Rest in peace, Milton.
Dr. Peter Sheehan, 60, renowned diabetes doctor, son of Dr. George Sheehan, May 2014
A Rumson native, Peter Sheehan was one of 12 of Dr. George Sheehan’s children. Dr. George Sheehan, who is deceased, was and is still known as a well-recognized author and runner who raised his family in Rumson.
Peter did groundbreaking work in the study and treatment of diabetes in his lifetime.
Rest in peace, Dr. Peter Sheehan.
Nancy Dexter, 84, of Fair Haven, RFH teacher aide, Jan. 10
Oh, Mrs. Dexter. She was a beautiful woman, with a sharp edge, who died at 84 on Jan 10, 2014.
Mrs. Dexter, a mom of four, was a Catherine Gibbs Secretarial School graduate who married Howard Dexter in 1950.
After having served as a Rumson-Fair Haven Regional High School (RFH) aide for a stint in the 1970s, she retired from AT&T in 2000.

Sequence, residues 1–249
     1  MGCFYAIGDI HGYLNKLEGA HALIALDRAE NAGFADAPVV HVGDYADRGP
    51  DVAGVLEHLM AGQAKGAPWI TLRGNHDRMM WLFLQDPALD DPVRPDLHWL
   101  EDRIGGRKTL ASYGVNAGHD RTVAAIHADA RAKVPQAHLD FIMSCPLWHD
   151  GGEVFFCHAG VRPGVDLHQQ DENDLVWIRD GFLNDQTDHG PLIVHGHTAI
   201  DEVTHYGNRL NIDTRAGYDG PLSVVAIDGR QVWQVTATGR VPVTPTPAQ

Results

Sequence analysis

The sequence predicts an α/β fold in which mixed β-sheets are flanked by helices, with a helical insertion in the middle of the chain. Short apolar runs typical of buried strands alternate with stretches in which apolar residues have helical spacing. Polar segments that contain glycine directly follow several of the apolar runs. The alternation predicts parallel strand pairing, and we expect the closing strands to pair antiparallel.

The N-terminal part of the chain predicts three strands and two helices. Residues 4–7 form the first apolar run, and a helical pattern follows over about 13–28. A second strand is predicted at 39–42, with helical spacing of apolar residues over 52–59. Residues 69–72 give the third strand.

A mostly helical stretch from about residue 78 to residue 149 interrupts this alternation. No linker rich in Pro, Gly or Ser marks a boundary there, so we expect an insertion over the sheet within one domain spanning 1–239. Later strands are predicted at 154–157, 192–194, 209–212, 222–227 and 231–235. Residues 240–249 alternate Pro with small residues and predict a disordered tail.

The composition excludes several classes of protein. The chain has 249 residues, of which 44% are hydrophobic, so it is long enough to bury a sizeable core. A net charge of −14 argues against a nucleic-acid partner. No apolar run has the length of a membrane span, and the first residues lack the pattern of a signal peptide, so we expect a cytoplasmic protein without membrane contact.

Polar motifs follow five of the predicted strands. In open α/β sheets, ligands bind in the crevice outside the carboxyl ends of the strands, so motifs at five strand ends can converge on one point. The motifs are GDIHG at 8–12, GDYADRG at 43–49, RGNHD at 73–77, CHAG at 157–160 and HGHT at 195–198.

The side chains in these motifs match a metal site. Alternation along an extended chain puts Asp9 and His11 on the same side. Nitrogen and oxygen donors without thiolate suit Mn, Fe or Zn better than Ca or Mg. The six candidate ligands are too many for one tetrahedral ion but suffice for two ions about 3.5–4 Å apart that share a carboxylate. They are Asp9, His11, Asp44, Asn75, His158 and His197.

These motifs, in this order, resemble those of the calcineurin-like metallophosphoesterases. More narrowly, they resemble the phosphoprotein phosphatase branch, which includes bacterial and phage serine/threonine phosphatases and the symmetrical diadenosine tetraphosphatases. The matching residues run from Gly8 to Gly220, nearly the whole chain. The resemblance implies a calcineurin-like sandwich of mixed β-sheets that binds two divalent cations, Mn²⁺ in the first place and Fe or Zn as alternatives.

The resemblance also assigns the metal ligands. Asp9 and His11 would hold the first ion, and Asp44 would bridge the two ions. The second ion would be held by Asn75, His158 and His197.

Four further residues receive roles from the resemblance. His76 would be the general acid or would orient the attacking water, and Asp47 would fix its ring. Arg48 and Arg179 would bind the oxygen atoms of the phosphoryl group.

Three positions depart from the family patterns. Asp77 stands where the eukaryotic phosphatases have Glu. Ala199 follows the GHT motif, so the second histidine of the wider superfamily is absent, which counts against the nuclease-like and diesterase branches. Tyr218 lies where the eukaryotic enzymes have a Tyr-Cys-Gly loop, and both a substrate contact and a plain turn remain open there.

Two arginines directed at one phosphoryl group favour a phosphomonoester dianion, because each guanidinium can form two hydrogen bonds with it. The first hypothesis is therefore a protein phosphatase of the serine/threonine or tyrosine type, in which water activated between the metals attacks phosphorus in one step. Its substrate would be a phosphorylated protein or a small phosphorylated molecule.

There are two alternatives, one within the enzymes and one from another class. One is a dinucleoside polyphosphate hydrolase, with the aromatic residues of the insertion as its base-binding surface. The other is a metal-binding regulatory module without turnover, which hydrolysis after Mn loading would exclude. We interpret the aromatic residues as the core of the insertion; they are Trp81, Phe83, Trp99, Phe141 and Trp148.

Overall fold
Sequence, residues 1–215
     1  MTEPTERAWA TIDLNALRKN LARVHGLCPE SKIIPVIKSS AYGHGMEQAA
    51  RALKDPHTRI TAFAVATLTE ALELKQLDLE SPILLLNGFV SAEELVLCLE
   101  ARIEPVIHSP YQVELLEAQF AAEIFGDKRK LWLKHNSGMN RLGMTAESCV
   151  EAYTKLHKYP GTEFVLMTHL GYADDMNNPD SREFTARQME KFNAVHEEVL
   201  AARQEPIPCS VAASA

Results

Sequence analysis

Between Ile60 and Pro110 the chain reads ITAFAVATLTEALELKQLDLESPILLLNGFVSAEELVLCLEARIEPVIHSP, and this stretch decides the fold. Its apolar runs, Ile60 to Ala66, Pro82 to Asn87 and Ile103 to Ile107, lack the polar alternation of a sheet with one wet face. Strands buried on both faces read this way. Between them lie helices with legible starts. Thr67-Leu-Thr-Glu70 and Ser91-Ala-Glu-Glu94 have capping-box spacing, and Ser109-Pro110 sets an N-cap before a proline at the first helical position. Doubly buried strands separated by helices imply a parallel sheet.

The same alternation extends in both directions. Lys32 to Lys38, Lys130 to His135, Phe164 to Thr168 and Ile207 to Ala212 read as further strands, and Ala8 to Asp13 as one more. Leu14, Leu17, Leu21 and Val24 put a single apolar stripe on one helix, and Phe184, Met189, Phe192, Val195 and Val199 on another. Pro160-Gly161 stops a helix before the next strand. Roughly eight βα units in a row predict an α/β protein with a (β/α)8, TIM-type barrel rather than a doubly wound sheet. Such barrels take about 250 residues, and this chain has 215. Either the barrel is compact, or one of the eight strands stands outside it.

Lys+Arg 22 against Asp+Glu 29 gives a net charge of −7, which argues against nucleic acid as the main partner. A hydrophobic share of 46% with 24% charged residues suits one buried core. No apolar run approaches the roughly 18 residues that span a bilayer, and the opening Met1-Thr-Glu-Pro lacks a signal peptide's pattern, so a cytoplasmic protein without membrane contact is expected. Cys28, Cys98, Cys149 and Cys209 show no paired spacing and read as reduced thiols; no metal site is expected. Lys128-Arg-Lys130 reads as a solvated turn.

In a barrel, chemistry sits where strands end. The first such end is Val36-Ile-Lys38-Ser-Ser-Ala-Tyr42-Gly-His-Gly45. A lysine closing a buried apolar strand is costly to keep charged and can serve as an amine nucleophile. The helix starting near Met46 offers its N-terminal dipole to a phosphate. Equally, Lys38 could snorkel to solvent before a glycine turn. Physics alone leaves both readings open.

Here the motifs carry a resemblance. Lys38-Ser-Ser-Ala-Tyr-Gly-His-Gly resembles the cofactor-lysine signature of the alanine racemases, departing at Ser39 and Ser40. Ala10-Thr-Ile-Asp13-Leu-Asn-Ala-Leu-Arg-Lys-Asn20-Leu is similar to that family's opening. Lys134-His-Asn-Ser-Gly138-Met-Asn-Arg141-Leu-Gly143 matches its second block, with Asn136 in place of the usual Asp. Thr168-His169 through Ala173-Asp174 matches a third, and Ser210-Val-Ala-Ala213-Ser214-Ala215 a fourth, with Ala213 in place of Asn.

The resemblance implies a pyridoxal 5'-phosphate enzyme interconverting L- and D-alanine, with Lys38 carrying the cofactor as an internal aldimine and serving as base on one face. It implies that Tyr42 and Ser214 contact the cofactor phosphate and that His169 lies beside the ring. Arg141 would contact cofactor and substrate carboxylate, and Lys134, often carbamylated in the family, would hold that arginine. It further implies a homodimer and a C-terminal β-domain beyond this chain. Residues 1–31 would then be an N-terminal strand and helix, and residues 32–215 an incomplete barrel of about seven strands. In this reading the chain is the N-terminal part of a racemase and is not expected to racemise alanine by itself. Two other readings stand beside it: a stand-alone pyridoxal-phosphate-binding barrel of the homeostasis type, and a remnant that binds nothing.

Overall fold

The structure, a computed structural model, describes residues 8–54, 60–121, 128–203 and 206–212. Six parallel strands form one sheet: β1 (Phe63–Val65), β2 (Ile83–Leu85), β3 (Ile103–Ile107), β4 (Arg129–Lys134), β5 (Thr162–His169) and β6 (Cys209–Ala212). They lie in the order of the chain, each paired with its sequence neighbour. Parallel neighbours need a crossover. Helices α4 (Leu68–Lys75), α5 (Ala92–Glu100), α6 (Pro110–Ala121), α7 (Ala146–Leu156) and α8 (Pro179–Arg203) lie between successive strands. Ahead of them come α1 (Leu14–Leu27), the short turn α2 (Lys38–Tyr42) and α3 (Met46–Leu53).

Mrs. Dexter was known to many an RFH student as a troubadour of monitoring many hallway hijinks and incidents of library lunacy spearheaded by many good, yet antsy and mischievous students.
Thanks for rolling with us and doling out those myriad reprimands and fun times at RFH, Mrs. Dexter.
Rest in peace.
Karen Harrington Bovenzi, 54, 1978 RFH grad, formerly of Rumson, June 26, 2014
Karen passed away at Newark Beth Israel Hospital after a heart transplant.
Comments flooded the RFH Reunion Facebook page upon Karen’s death. “It’s with great sadness that I tell you that Karen Harrington Bovenzi passed away this afternoon after a very long and courageous battle with a heart transplant and many side effects and issues,” said her good friend Rita Marass Kellegher.